The Gallery has been a matrix for many projects over the last fifty years including the development of a Canadian art collection containing the twelve works presented in Big Art, Big Idea. The ambition and optimism evident in the architecture of the Gallery and the development of its art collection are matched by the aspirations seen in these works created between 1965 and 2005. Scale, and how it served the artist, was a key factor in selecting this exhibition. I was also intrigued by how inter-generational and inter-regional links between artists and subjects might be evident in the contemporary visual art collection. Stretching the formal limits of painting, drawing, and sculpture, these encompassing works of art range from abstract to representational to conceptual and are often comprised of components. They have subjects as varied as the 1970 October Crisis, the environment, cultural spectacle, social inequity and the gift economy. The artists have used both traditional materials and media including oil on canvas or charcoal on paper, and they have used innovative ones such as PVC plumbing pipe, neon light, and time-based media (recorded sound or sequential text and photographic images) in addressing contemporary concerns.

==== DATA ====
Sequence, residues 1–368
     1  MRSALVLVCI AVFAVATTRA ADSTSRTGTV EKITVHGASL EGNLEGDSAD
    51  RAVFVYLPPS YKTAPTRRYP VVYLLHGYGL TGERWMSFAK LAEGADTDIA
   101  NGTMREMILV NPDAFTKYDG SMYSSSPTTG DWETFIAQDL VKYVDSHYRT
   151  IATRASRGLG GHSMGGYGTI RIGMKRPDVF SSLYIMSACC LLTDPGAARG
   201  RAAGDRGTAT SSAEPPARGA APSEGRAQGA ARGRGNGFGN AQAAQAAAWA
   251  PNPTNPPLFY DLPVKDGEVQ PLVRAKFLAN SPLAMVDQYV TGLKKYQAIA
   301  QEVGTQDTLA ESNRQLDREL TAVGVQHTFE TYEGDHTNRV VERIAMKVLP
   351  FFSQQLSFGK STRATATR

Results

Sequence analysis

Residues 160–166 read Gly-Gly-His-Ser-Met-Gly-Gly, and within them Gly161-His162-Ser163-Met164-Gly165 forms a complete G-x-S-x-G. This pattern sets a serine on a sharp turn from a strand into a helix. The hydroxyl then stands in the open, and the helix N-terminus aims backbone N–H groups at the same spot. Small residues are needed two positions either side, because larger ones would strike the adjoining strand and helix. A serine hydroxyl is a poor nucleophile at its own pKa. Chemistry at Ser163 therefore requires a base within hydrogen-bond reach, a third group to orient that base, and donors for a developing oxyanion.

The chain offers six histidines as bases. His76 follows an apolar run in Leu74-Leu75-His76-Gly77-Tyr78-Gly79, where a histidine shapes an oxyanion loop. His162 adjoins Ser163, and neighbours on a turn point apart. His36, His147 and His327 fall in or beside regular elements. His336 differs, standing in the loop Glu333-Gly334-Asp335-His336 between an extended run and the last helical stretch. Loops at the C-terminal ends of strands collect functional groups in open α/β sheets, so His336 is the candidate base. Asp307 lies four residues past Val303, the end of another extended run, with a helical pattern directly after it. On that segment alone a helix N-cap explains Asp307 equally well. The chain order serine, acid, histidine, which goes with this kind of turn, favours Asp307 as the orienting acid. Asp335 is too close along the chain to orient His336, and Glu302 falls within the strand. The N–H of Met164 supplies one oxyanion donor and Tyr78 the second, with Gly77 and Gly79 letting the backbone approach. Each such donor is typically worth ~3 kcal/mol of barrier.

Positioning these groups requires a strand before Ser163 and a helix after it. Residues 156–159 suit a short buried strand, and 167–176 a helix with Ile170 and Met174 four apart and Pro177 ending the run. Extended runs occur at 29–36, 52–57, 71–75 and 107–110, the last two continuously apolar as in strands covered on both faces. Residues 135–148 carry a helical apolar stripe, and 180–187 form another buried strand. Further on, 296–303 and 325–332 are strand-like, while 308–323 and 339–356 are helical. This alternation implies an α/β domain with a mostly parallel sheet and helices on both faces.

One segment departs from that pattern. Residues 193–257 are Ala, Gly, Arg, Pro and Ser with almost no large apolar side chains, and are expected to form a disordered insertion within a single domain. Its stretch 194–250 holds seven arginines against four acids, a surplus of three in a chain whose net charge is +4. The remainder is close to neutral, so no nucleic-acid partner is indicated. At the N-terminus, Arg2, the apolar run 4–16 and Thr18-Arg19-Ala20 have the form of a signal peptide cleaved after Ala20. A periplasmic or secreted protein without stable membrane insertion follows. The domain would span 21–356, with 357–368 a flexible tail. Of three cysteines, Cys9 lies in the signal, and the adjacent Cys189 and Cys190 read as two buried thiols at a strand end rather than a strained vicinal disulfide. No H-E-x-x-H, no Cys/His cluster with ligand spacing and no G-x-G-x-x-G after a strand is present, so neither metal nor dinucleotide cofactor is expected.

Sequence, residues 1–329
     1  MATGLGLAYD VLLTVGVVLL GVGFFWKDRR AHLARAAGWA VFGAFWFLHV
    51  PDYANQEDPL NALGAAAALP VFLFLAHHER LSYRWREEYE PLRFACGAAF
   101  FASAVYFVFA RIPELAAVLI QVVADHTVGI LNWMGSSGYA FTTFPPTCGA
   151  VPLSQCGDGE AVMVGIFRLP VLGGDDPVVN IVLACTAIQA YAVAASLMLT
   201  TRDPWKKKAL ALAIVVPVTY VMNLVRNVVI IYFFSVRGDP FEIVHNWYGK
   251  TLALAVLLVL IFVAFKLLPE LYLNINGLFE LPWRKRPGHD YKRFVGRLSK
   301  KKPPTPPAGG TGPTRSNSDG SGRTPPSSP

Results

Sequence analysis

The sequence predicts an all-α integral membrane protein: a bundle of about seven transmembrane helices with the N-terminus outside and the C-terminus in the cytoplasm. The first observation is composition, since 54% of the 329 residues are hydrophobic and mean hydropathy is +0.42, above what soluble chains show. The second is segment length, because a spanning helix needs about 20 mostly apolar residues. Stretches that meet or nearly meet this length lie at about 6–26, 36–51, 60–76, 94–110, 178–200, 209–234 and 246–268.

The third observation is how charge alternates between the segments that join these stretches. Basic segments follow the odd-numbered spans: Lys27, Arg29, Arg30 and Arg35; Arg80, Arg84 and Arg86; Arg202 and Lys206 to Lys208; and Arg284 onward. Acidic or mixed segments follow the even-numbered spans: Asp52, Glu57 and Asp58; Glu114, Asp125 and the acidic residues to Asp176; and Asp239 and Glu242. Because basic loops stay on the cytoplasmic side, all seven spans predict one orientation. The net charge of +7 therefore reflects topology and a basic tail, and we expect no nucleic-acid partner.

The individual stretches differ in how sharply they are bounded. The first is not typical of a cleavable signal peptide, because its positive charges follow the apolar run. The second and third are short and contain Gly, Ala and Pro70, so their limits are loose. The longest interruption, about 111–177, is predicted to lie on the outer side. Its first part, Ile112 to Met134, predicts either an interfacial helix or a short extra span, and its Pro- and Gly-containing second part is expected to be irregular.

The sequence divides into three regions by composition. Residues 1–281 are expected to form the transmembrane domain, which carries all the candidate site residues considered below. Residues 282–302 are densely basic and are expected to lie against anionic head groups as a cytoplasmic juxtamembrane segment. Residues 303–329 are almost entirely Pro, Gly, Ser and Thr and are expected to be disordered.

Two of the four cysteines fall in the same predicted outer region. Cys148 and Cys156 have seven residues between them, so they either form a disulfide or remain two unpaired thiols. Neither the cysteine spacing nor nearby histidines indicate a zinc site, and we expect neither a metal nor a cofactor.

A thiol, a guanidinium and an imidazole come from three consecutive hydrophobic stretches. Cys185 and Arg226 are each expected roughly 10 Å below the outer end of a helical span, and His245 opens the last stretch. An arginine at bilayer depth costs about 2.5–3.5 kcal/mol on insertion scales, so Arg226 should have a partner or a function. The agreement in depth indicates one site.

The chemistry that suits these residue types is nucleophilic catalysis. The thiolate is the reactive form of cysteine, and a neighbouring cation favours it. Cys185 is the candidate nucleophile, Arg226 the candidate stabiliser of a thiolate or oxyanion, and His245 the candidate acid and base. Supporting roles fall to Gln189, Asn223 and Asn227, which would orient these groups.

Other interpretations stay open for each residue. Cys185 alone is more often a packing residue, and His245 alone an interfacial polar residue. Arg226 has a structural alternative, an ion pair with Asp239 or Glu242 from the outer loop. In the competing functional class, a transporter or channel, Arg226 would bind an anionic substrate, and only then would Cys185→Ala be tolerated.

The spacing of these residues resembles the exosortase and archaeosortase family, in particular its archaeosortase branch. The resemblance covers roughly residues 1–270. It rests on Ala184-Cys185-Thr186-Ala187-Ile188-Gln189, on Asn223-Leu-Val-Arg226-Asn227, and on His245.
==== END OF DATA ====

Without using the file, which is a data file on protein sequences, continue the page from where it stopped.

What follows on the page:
Interestingly, many of these acclaimed artists also teach, write, create music, or perform, and their visual art demonstrates a clear widening of art practices in the later decades of the 20th century. It also foreshadows the current prevalence of inter-media art making. These big works of art are significant markers in our cultural timeline, engaging for their formal aesthetic qualities and the big ideas they so convincingly embody for our consideration.